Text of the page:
Hard day at school, and after hopping of the bus, I enter the Maine farm house met by the smell of mom cooking fresh chocolate donuts.
This is one of many fond childhood memories. No doubt your mom made some dishes like no other since. Potato salad, baked beans we grew, and home made bread was another family crowd pleaser. To dine on after working hard on the Maine farm land. Or repairing buildings or working in the potato house loading trailer trucks.The spud loads headed to produce centers in the winter destined for markets in Boston, Hartford or New York City.
Growing up on a Maine farm meant I saw my parents a lot thru the day, and worked hand in hand with my three older brothers.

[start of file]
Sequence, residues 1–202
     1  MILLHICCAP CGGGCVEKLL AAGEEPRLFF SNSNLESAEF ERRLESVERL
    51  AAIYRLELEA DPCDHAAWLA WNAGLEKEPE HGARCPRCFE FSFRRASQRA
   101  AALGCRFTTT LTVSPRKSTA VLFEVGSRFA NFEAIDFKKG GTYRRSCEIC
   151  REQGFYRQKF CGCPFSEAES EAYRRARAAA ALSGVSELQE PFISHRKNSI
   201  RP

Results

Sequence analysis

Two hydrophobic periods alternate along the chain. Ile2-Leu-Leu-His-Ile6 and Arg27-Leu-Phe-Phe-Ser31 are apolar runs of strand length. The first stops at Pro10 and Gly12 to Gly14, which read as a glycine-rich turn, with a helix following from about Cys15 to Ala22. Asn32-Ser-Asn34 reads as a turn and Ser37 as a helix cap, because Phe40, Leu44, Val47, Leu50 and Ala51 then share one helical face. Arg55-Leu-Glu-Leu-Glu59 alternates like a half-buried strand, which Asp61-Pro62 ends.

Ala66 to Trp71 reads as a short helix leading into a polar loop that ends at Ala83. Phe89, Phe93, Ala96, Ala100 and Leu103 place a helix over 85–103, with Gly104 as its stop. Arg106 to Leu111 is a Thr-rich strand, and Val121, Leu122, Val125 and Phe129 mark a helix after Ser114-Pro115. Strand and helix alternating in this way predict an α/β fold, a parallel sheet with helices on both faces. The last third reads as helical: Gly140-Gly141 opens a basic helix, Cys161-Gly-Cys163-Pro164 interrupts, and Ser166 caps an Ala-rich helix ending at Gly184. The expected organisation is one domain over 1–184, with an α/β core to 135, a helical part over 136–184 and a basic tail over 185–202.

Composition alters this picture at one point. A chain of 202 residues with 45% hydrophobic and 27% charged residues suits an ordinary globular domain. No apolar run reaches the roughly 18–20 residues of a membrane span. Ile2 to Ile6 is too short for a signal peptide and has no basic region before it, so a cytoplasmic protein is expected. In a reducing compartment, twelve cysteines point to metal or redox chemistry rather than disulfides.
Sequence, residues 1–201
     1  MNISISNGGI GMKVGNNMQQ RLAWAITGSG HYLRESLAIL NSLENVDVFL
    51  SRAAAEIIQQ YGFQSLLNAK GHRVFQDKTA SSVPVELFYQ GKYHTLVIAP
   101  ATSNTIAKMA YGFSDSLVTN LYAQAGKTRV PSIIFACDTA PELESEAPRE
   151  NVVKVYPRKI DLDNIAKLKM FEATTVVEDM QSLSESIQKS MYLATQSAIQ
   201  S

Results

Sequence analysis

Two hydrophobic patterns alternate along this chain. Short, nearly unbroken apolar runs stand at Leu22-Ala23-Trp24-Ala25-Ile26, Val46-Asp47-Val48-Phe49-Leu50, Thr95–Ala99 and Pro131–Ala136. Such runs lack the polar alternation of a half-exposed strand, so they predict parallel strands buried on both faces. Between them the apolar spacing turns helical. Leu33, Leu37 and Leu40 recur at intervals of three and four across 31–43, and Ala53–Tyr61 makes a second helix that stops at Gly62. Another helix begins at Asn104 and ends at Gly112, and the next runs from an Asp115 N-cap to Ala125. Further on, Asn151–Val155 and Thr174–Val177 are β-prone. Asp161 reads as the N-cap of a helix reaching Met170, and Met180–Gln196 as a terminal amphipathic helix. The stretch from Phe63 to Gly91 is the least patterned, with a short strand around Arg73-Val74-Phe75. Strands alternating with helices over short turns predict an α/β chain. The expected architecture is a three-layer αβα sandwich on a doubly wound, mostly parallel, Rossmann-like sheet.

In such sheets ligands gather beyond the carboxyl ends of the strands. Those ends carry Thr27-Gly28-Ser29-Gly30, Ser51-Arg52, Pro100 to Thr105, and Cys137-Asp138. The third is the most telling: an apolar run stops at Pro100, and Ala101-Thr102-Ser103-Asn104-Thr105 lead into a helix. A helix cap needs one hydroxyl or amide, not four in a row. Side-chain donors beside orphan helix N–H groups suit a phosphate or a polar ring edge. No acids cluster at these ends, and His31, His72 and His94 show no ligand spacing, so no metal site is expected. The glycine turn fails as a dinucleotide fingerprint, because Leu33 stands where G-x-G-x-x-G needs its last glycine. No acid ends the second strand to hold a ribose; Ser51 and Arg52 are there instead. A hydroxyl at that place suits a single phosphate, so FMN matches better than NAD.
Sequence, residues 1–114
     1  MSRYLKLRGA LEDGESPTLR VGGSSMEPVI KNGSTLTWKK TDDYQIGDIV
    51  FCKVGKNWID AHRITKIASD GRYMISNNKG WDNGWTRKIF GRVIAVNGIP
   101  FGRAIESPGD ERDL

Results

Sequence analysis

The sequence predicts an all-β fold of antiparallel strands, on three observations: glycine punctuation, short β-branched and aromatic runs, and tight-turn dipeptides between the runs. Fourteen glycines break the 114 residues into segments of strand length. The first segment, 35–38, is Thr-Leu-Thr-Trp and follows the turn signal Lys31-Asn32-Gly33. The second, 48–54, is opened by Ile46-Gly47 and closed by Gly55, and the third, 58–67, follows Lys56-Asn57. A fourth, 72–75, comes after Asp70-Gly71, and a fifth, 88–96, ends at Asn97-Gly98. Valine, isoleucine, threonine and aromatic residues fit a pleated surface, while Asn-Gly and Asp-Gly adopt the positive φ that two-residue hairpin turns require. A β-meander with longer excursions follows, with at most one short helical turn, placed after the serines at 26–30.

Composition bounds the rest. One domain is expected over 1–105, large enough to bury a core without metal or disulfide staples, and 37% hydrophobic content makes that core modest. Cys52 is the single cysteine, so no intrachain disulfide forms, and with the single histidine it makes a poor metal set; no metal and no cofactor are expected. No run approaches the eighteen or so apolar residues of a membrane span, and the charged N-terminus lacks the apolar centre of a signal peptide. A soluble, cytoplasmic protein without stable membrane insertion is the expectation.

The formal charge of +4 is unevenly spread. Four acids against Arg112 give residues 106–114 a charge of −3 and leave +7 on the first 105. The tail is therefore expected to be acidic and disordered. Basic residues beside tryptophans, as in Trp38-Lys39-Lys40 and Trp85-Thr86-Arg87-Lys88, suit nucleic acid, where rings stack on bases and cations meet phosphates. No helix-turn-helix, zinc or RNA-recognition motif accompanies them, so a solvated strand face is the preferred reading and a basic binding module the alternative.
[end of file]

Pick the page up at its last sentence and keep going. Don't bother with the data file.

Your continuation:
In addition to raising potatoes, grain, dry bean and sugar beets, we planted a very large truck garden and sold produce at a farm stand. This income helped get us thru the summer when most of the household dollars are planted in the ground, waiting on fall harvest to get the crop into potato storage. Now local Aroostook County farmers also grow peas and broccoli. Lots of grains.
We were never hungry, had mittens /hats knit by mom, used our imaginations and had fun as a Maine farm family.
We learned about mechanics, carpentry, work ethic in addition to farming. Back in the 1800’s, 96 percent of us were living on family farms. Now less than 3% of the population raises food or critters. Northern Maine is well know for spud production, Washington County and Down East for blueberries. We sold lots of corn, squash and strawberries at the farm stand too. With Canada roughly two miles away, we crossed the border to pick apples and strawberries to resell too.
Maine REALTOR Andrew Mooers – Selling Small Rural Maine Properties Especially Farms and Land Listings.